Saturday, 13 August 2016

Photo of the Month: July 2016

Under a sunburst sky, dwarfed by the scene around him, a tiny figure takes a walk across the beach. The tide is out. Capturing an imprint of the evening sky the salt water lies motionless on the wrinkled sand and trickles in little channels to the sea. Undisturbed. Alone. It is somewhere around 8pm on a splendidly atmospheric July evening; we - and Isaac - have the world to ourselves.

And the question I ask myself is: Why?  

Welcome to the beach at Rye Harbour, East Sussex. It's quiet, it's late and most of the holidaymakers from the caravan site half a mile up a long concrete road have gone home for tea. They came out to enjoy the late afternoon sunshine when we did but none of them wanted to take the long walk out across the sand, dotted with cast-off shells and worm casts, to where the sea is rustling in gently on the shore. None of them stayed to turn and look back at where the dwindling sun suddenly streaked through the clouds in a fan of glittering rays. They were presumably all back home, settling down for tea, tucking the children up in bed and it was only our family who chose to ignore the childrens' bedtime and stay up late. Those other families will never know what they missed. We alone were witnesses to a tiny slice of majesty.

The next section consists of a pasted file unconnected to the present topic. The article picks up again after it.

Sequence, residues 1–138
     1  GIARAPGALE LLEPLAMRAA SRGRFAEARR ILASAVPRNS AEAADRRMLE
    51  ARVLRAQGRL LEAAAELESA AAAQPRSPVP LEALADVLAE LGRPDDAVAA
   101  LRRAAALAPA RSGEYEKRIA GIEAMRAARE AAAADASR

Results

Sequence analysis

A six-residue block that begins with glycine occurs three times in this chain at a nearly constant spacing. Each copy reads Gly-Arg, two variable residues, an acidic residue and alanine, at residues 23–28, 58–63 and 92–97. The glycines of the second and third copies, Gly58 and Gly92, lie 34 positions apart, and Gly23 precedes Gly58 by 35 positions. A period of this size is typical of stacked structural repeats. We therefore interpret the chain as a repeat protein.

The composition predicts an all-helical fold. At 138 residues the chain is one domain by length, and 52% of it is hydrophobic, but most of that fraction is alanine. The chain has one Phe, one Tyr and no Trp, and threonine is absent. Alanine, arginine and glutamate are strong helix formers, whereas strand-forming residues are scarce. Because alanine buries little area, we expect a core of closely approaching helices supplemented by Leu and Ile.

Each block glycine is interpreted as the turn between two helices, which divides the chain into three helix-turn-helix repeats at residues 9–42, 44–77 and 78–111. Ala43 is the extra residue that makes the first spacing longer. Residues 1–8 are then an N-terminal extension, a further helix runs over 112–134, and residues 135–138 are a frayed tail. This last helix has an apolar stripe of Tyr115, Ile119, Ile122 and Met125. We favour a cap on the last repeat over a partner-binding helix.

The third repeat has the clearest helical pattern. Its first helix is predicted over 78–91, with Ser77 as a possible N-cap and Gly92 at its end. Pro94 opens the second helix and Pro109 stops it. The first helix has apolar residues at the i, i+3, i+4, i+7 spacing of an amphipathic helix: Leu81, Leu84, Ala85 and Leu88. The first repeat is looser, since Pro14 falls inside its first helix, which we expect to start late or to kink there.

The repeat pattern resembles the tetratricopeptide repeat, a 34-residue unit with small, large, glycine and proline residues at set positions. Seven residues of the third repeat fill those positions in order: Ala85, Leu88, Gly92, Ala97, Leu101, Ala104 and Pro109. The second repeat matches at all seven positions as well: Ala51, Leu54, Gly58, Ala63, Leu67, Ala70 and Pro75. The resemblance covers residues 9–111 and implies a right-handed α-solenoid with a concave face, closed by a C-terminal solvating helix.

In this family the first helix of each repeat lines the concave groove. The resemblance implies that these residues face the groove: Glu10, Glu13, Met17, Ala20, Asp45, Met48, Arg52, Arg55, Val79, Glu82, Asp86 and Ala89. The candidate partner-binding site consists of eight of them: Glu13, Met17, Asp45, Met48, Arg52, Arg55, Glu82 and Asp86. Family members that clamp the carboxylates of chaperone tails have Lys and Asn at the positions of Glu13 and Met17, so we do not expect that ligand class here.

Not that the children cared. Graham and Isaac would only have known that the conventions of bedtime had apparently been delayed and that they were free to roam the wet expanses, splash in the salt pools and cover themselves in glutinous brown sand. They probably went to bed with large deposits of Rye Harbour beach still adhering to them. They loved it.

I used to like Winter. Under the right circumstances I still do but I have come to realise that, Christmas and snow apart, Winter is an adult thing. It's cold, it's dull and it gets dark early. Not many kids really appreciate the flip side - the frosts, the chilly moonlit nights, the snap of the freezing morning air. Their time is Summer. Long hot days, where it stays light 'til late and you can still be on the beach at half past eight. In a busy life it is not often we are able to take advantage of these times, where you can jump in the car after work and still have several hours of daylight before nightfall. This particular day we did. Why don't you?   

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